Just because the company survived, doesn't mean they will keep all parts of the company. While the market-making operation is the biggest money-maker (about half of revenues), the company also has a substantial institutional sales and trading operation, and electronic execution services in equities and commodities markets, including options and futures. They also own nearly 20 percent of the Direct Edge exchange.
3) what remedies will Knight propose? First they have to identify what happened. Joyce, in my interview with him this morning, said they were conducting an internal investigation into what caused the "coding error," but an equally important question is why it took so long to shut down the program. The company was notified within a few minutes of the 9:30am ET opening that something was wrong, but at least parts of the program ran for a half-hour.
As I discussed on Friday, there will be a lot of analysis around "Systems Risk" and what internal policies firms like Knight can develop that will control programs of this sort.
It's not that difficult: you can develop limits around a firm's positions (limiting how much by dollar value they are committing at any one time), or just by volume (if you normally send out, say, 1 million shares to buy or sell the market in a second, and suddenly you are sending out 25 million shares a second, the system either goes into slow mode or shuts down).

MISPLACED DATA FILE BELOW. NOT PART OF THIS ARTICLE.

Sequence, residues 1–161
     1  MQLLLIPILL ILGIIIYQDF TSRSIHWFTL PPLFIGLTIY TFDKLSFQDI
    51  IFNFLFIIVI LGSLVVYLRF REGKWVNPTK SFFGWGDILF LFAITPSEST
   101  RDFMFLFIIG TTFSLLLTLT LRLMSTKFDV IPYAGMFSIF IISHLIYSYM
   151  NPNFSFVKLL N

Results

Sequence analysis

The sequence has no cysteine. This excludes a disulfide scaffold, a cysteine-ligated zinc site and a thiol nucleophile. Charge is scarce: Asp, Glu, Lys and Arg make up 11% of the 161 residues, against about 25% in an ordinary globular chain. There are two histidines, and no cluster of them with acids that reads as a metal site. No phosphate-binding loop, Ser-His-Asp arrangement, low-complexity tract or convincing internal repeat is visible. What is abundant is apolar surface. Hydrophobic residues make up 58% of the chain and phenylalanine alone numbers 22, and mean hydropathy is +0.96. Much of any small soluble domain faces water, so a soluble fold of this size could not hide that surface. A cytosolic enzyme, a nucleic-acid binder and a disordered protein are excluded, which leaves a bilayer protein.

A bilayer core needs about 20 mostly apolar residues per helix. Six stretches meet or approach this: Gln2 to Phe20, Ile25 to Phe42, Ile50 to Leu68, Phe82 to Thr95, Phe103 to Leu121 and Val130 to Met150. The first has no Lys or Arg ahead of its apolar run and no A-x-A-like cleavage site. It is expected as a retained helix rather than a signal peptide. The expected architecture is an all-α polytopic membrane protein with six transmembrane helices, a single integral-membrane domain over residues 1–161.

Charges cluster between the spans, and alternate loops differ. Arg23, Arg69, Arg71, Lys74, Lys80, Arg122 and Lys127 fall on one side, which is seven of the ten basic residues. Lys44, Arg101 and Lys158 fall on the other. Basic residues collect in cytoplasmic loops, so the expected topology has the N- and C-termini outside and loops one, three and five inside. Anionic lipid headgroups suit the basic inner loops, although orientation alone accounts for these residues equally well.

4) What will the impact on earnings be? It's too early to say, but this snafu likely will hurt them. It seems reasonable that there might be some degradation in market share of the wholesale order flow that is so critical to Knight, but how much is uncertain: 5 percent? 10 percent? More?
We don't know if the retail firms that directed orders to Knight will continue to do so at the same levels they did earlier, nor do we know if competitors will try to expand their share of the pie, or even if others who are not currently competing for wholesale order flow may not jump in.
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